Do I Have Drawings of My House?
(and…What if I Don’t!)
As you start to think about that transformational remodel or addition to your home, one of the first questions that comes up is: “Do I have drawings of my house?” When you bought your house, you probably recall getting a copy of the Plat of Survey as a part of the purchase process. This is a drawing describing the overall size of your lot, your house, any accessory buildings on your property, etc.- along with a legal description of your property. This drawing is very helpful and will be needed for a permit submittal package should you plan to do an addition of any kind. However, this does not provide any information describing the interior layout and construction of the house itself and it’s structure or utility systems. Fear not – there are options to be considered in order to get you started:
1 – Think back to when you purchased your house and try to remember if the previous owner provided copies of drawings(blueprints) of the house. These may have been for the original construction, depending on the age of your home, or for an addition or remodel that a previous owner(s) undertook. You probably stashed them somewhere in your crawl space storage area thinking you wouldn’t need them – go look for them there.
2- As the current owner of your home, you can contact your local city or village government to request copies of previous construction permit submittal drawings on file. In order to initiate and access these, you will likely need to complete a Freedom of Information Act form and submit it to the city clerk(check with your City Hall). Some local governments even have this form/application available online to be submitted electronically. You will need to specify that you’d like to locate any submitted drawings and specifications for construction at your home. You should hear back in about a week. Expect that there may be some nominal charges for printing/copies of large sheets if they are available.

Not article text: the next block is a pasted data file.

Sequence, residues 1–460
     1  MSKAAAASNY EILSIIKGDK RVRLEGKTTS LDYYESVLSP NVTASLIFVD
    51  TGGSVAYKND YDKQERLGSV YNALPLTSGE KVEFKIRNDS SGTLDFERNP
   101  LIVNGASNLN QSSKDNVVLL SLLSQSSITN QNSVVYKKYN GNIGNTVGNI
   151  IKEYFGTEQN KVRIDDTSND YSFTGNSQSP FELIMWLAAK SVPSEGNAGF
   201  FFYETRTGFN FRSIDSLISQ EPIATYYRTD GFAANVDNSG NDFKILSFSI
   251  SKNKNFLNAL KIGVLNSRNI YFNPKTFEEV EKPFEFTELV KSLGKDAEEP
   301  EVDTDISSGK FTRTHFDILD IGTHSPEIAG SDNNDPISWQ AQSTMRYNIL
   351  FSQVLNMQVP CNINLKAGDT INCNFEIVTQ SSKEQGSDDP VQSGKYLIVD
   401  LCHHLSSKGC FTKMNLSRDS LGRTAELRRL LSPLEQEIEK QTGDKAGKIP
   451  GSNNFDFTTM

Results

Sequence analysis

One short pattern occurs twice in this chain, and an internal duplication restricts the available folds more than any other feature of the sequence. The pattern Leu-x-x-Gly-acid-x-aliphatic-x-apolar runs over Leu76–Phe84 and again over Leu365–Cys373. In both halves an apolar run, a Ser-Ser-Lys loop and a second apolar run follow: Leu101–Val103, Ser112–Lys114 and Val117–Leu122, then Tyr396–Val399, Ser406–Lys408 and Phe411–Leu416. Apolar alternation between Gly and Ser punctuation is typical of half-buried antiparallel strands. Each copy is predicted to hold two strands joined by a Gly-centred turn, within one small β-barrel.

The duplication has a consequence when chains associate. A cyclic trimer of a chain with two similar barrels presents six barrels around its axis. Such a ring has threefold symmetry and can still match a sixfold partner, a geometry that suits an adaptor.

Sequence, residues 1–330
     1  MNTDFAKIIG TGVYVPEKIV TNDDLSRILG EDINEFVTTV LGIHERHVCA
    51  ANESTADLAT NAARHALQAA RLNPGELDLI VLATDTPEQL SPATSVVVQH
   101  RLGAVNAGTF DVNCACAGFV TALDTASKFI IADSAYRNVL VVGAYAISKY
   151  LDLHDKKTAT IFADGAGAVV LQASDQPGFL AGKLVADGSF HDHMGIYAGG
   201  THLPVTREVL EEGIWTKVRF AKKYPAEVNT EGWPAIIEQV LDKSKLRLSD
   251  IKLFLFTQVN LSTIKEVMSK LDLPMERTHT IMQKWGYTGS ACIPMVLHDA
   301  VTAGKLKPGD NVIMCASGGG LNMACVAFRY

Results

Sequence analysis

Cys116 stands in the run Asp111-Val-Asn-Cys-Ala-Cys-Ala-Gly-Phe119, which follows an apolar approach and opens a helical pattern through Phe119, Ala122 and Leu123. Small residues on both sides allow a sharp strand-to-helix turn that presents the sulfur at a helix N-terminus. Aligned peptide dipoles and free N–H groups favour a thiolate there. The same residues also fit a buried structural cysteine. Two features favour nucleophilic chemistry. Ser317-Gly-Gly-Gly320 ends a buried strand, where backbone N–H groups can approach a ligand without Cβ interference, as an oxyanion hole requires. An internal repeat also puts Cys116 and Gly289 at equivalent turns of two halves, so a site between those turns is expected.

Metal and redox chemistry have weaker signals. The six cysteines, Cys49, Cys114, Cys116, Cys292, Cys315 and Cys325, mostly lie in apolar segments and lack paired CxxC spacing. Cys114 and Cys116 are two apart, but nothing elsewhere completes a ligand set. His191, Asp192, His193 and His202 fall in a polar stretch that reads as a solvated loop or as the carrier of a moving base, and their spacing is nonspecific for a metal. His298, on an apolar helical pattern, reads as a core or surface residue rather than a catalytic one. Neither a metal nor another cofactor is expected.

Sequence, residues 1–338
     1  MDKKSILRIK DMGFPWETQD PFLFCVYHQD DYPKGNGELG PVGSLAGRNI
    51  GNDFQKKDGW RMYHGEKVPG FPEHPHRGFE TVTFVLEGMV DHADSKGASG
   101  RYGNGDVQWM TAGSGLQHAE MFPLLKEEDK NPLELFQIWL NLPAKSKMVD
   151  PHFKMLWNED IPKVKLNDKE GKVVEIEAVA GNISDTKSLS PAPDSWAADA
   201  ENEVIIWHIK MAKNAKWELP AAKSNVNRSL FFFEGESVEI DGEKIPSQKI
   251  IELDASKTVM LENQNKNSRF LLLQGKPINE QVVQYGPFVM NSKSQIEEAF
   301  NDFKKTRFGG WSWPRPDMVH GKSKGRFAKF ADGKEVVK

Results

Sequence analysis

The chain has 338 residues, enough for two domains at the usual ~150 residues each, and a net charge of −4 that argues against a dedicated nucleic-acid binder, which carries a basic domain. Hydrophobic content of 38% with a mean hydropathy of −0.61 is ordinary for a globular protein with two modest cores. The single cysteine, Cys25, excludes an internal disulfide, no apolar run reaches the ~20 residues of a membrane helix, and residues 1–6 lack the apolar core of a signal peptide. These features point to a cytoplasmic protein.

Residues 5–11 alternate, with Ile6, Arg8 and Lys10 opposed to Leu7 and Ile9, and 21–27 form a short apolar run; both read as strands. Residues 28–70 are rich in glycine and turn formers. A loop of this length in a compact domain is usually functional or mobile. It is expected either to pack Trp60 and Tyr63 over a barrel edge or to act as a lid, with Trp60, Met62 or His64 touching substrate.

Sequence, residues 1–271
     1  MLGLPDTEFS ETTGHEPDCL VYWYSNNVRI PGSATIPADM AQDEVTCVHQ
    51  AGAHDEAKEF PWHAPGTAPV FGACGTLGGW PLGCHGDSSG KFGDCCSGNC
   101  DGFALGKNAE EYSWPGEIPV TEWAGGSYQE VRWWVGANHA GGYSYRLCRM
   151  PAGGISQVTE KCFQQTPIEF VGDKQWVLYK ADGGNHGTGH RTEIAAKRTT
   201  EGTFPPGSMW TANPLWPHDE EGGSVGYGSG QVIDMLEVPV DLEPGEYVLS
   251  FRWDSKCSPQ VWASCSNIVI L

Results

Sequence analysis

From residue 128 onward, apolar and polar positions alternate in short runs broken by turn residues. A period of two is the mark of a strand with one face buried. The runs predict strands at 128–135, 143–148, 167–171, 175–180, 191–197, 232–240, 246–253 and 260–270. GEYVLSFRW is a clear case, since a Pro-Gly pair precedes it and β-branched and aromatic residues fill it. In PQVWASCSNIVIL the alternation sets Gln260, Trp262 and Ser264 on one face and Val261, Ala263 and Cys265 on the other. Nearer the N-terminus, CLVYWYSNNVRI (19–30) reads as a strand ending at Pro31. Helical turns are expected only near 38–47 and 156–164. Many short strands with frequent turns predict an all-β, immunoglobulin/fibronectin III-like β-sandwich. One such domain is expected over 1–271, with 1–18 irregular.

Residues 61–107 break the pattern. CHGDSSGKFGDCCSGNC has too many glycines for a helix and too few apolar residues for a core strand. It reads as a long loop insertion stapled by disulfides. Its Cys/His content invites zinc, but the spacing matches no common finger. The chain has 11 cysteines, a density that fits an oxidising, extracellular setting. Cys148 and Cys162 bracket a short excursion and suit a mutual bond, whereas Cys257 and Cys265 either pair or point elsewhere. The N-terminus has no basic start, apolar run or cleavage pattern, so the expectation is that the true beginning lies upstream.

3- And finally, if neither of the above “pans out”, all is not lost. Your architect can measure and draw your house to the extent that is required as a part of the first step of the design process. With a little sleuthing, exploration, and consideration of the age of your house, the structural bones can be ascertained. In some cases, the drawings found from options one and two above provide information insufficient to fully document what is needed for your project. However, any information is helpful and will save some time in putting together these measured drawings.
Now, as you move through designing and building your project, keep a set of the drawings and mark it up showing locations of key utility routes and/or ductwork that will not be visible when the project is done. Someday you(and your architect) will be very glad you did!